It's More Fun in the Community

Friday, December 13, 2013
Welcome back to me!

I've been on hiatus for the past few months and it's a bit sad to be not blogging at all. Plus, I've been counting days and dreading for the upcoming Comprehensive Exams and OSCE, both of which are moments of truth for us wanna-be doctors. I have spent my past 4 months in 2 interesting rotations-- Family Medicine and Internal Medicine. The former is a little 'benign' compared to the others and the latter, although more 'toxic', especially at the Emergency room, is one I liked most amongst all rotations.

So let me start my comeback by sharing with you some feats from my Family Medicine rotation. It's a 2-part rotation wherein our group is divided into 2. The first group goes on a 1-month rotation in the out-patient department of our hospital and the second enters the Intramuros community.

Our group started in the community. So how did we spend out time there? 

On Mondays, we see patients (both infants and adults) and immunize babies at the Intramuros Health Center. 

During Tuesdays, we do home visits to follow-up patients who do not come back to the Health Center for consult. We basically focused on the pregnant mothers who failed to return for their monthly pre-natal check-up. Lucky them, doctors are the ones who visit them for consult and that's for free! We also had our family case, in which we visit a family of our choice, do interviews and physical examination, and make a plan for their physical, social and medical wellness.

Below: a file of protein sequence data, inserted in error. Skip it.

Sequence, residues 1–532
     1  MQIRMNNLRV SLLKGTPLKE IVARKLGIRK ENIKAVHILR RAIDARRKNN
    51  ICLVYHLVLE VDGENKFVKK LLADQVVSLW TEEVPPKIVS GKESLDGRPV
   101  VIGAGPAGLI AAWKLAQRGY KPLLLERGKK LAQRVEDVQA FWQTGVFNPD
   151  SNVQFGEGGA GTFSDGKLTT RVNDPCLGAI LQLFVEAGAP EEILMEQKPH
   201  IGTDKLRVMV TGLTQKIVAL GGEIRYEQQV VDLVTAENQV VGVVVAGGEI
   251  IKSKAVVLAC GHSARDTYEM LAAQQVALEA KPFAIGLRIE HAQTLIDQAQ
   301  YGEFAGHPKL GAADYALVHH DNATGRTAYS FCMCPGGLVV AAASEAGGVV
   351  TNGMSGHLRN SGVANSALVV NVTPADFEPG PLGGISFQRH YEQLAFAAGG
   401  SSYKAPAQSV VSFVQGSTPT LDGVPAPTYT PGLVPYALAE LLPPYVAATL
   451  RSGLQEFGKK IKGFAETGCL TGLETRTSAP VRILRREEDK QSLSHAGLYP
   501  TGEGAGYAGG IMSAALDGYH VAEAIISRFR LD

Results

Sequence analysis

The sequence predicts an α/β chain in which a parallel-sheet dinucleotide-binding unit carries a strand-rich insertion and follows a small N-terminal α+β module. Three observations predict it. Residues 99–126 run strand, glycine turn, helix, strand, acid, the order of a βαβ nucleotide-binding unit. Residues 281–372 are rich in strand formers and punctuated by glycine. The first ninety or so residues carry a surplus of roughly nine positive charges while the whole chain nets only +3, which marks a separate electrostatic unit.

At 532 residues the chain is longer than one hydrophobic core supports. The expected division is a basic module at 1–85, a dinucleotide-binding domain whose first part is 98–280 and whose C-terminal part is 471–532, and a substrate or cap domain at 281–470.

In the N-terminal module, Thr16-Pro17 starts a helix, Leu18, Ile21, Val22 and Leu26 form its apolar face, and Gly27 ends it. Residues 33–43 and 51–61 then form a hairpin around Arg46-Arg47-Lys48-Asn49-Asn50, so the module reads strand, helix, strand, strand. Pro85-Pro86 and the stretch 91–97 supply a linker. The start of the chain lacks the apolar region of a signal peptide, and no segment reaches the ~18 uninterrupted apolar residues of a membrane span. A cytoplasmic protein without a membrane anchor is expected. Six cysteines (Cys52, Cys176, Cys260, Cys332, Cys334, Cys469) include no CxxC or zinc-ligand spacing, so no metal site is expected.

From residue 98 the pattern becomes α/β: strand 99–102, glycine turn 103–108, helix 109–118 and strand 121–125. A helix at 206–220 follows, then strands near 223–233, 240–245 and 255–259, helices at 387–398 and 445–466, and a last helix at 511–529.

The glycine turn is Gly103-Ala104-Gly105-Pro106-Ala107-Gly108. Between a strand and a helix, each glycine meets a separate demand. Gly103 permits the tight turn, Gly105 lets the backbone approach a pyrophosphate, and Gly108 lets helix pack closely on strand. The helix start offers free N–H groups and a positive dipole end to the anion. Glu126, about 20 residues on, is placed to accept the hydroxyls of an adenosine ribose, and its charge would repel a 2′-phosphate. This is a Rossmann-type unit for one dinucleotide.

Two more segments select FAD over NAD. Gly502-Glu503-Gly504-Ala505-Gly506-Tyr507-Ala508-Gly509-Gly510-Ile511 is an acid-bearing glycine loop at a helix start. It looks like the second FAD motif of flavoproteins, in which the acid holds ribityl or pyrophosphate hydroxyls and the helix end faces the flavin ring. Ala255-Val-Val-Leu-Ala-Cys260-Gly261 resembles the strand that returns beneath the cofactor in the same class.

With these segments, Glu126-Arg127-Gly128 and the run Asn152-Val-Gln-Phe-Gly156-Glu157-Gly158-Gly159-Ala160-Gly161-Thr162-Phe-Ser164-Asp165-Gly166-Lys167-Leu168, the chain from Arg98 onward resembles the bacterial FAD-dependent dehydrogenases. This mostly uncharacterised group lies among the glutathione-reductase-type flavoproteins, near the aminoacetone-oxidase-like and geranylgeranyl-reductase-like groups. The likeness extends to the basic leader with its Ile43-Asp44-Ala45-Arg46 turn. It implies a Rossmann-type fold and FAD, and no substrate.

On Wednesday, we tackle and report on assigned topics related to Family Medicine's everyday work-- topics like Social Empowerment, Health Education, etc.

During Thursdays, we invite the whole community and our patients from outside the community as well to hear our lectures on interesting topics. Being a mother myself, I specifically chose "Breastfeeding" as my topic because it's one really close to my heart. Luckily, it was scheduled on the same week as the Breastfeeding Week so we were able to get a few sponsors for our event.

On Fridays, we visit the Joy Kiddie school and examine grade schoolers. We would play with them on their giant trampoline and we'll eat unripe mangoes after (super yummy street food!).

So that's we spent our good old 30 days in the community. Bow.

If there's a thing I learned that I would value much during that rotation, it would be respect for my patients. Regardless of their age and status in life, I learned how communication will be easier and more meaningful if I learn to be step down and be patient in dealing with them. Since it's a relatively benign rotation, I was able to have time for myself and my family because it truly makes a lot difference when there's less stress in your life-- you'll have a good outlook in your profession and you'll always look forward to another day with your patients.

It really is more fun in the community. :)


  1. Mona Verdida said...:

    It's really nice to know that you have learned how to be patient with your patients :D Some doctors sometimes don't look their patients in the eye anymore and sometimes very skeptical about the symptoms they are having especially the doctors who are health card accredited. They seem to be always in a rush for some reason. Well, anyways, I'm sure you're not one of them and I'm glad. I enjoyed reading your post! Thanks.

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